FORT HOOD, Texas -- A military judge reversed himself yesterday and decided to let prosecutors use a statement Army Private First Class Lynndie England gave to investigators implicating herself in the abuse of prisoners at the Abu Ghraib prison in Iraq.
England's court-martial trial on seven counts of conspiracy and prisoner abuse will begin today with jury selection and opening statements. The reservist from rural West Virginia, who is shown in a number of graphic photos taken by Abu Ghraib guards in 2003, faces up to 11 years in a military prison if convicted.
England, 22, broke with the pattern of her co-defendants yesterday by opting for an all-officer jury. Two of the others were convicted by juries made up of officers and enlisted personnel, and the other six made plea deals. Most were members of Maryland-based 372d Military Police Company.
The judge presiding over England's case, Colonel James Pohl, had ruled in July that neither of two statements she made in January 2004, when she implicated herself in the abuse, would be admissible. He said he believed she did not fully understand the consequences when she waived her rights against self-incrimination before speaking to investigators.
Yesterday, however, the judge said he now thinks England knew what she was doing when she signed a waiver before making the second statement. Her first statement remains inadmissible.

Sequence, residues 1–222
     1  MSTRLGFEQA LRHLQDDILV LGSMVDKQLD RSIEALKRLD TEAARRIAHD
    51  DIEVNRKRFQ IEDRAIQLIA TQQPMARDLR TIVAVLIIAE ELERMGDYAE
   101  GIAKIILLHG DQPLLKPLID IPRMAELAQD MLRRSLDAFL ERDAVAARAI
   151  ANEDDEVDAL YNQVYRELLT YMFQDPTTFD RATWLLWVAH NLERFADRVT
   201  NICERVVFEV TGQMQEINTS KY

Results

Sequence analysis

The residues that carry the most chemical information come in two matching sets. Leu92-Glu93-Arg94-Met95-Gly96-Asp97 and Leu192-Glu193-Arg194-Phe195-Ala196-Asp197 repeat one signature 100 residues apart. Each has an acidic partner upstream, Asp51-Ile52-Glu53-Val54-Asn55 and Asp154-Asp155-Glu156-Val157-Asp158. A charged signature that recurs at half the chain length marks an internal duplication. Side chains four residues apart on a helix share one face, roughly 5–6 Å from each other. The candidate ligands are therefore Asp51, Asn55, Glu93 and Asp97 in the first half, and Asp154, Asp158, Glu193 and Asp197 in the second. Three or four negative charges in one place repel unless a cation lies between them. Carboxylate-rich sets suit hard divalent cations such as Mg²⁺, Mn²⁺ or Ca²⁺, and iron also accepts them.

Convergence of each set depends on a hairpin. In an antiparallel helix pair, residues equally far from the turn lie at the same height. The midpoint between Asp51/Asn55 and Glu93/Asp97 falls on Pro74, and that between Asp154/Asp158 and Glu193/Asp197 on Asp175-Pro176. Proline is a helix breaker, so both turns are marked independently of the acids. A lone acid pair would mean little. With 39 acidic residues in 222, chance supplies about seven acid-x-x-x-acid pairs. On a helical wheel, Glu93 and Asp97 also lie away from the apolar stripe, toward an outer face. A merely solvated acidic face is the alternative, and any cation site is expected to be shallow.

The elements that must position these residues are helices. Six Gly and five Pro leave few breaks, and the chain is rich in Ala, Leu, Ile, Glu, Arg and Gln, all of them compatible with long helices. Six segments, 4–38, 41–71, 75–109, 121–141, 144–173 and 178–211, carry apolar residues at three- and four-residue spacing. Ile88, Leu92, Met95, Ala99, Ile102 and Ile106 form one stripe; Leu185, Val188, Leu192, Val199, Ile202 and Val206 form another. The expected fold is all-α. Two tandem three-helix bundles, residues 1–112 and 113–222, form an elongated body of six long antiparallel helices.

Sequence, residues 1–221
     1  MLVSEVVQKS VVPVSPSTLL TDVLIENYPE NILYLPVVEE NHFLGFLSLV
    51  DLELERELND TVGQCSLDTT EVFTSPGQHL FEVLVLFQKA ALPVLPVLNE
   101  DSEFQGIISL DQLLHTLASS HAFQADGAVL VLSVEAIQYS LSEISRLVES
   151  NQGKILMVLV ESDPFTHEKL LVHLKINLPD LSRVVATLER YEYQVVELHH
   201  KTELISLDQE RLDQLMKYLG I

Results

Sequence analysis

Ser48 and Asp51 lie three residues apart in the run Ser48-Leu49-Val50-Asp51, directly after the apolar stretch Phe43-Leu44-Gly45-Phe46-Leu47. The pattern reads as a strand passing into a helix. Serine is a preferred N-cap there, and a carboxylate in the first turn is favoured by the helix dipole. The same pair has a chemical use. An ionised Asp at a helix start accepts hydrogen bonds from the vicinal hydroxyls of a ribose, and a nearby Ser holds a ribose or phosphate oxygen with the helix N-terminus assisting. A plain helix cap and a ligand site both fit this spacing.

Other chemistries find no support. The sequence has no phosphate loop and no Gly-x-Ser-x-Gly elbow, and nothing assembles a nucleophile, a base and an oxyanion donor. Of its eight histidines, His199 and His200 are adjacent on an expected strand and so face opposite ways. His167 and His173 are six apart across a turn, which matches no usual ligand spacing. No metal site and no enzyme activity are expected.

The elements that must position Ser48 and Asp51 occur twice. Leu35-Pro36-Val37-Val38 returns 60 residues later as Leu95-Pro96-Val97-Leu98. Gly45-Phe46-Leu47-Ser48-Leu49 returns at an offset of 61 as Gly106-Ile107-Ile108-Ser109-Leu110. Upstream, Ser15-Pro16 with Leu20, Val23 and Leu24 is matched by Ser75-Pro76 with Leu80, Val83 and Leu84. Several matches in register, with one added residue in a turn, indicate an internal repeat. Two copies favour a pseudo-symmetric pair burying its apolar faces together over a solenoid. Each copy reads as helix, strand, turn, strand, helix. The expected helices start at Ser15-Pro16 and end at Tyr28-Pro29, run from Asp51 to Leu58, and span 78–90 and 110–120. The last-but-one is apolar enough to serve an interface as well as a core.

In May, England made a plea agreement that eventually fell apart, but this time ''there's not going to be a deal," said Captain Jonathan Crisp, her lead defense lawyer.
Crisp said he plans to base much of his defense on England's history of mental health problems that date to her early childhood.
He said he also will focus on the influence exerted over her by Private Charles Graner, the reputed ringleader of the abuse.
Graner, who England has said fathered her young son, was convicted in January and sentenced to 10 years in prison.
In her attempted plea deal, England pleaded guilty to all of the same counts she faces this week in exchange for an undisclosed sentencing cap. The charges carry a maximum sentence of 11 years.
Pohl threw out the plea deal and declared a mistrial during the sentencing phase because Graner's testimony contradicted England's guilty plea.
Graner, testifying as a defense witness, had said pictures he took of England holding a prisoner on a leash were meant to be used as a training aid. But in her guilty plea, England said the pictures were being taken purely for the amusement of the Abu Ghraib guards.
Prosecutors have refused to discuss the trial.